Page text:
Apart from Macbeth, which I think almost any young Scot would like if it was taught to them properly, I wasn’t myself that keen on teaching Shakespeare, but no one can deny that he’s dealing with the big stuff and there’s lots of wee Hamlets and Romeos and Juliets sitting in these classes, regardless of ethnic background or creed.

We seem to be stretching a lot these days in the direction of trying to ensure that what’s taught is very immediately and obviously relevant to today’s young Scots. For example, the book mentioned as a possible replacement for these two classics is The Hate U Give, a young adult book, which I freely confess I haven’t read firstly because I haven’t been a young adult since the Falklands, and secondly because of that problematic ‘U’.

I am sure it’s very good – it’s won a number of awards for children’s literature, and I’m sure I would want to encourage young people to read it, but is it of the merit necessary to stand up to detailed classroom teaching? And – truth to tell – is it really any more relevant to young people at Gillespie’s than the books being proscribed?

So, yes, we want our young people to enjoy texts taught to them in the classroom, but that enjoyment needs to go in hand with two things.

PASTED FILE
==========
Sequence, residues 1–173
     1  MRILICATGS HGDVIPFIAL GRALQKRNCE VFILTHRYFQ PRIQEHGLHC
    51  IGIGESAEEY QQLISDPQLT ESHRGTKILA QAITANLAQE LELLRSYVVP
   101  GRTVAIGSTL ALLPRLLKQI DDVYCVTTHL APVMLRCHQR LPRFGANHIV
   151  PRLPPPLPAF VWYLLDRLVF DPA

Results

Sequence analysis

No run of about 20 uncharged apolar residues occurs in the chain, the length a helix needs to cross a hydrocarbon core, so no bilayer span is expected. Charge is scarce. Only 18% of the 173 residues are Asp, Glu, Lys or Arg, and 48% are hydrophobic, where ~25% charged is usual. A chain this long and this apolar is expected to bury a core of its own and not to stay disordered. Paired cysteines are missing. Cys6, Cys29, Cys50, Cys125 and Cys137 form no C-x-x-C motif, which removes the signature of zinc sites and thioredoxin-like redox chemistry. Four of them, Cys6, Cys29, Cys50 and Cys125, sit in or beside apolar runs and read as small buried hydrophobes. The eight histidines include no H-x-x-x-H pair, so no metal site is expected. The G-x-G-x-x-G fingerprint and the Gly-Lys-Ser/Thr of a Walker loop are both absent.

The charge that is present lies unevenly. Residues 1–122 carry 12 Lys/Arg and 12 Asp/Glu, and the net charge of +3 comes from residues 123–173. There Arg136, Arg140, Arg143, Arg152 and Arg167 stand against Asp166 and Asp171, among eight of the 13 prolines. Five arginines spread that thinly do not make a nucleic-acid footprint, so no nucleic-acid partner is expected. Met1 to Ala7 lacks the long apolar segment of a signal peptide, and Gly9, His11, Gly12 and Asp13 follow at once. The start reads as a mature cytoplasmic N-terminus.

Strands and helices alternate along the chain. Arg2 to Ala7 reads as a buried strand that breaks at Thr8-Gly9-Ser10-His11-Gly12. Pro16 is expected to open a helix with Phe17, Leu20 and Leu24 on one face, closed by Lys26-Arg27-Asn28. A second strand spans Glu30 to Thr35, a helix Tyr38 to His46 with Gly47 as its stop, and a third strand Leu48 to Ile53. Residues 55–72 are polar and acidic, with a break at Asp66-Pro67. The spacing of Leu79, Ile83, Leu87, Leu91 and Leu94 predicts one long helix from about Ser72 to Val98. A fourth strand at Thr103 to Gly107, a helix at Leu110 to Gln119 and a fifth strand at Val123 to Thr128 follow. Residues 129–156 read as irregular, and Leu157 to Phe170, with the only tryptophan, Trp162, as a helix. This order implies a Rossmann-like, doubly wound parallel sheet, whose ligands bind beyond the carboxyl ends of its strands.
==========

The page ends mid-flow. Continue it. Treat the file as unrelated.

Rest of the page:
The first is challenge – it’s good for young people to take on things that may seem a bit hard at first: that’s what a skilled English teacher is for.

The second is that the books offered to our young people – of course age-related – need to have clear literary merit, they need to be well-written. Most young people probably only read something like a dozen plays or novels over their years in the English classroom, plus some poems and these days, increasingly, they watch some films and maybe even TV programmes.

We need to ensure that everything moves and amuses and excites them, but we also mustn’t patronise them by taking the risk – yes, I know this is a cliché – of ‘dumbing down’.

And finally, let’s remember in this discussion that there is a compulsory Scottish element in the National 5 and Higher exams. How does that sit in terms of datedness and relevance?

I tutored someone else recently through Ena Stewart Lamont’s Men Should Weep, which struck me as an accomplished chamber piece of very dated (melo) drama. Whereas I am delighted to see the continued presence of Sunset Song as a set novel, which takes place over a hundred years ago in a part of Scotland very few young Scots will have ever heard of but which has a universal resonance which moves young readers over and over again.

In essence, I understand removing texts that some young people – or even some teachers – might find offensive, but we have to be careful that, in censoring a text like To Kill a Mockingbird we don’t replace it with something which is just the flavour of the month. Please them, yes, excite them, yes but also let’s make them think.

Cameron Wyllie’s blog is A House in Joppa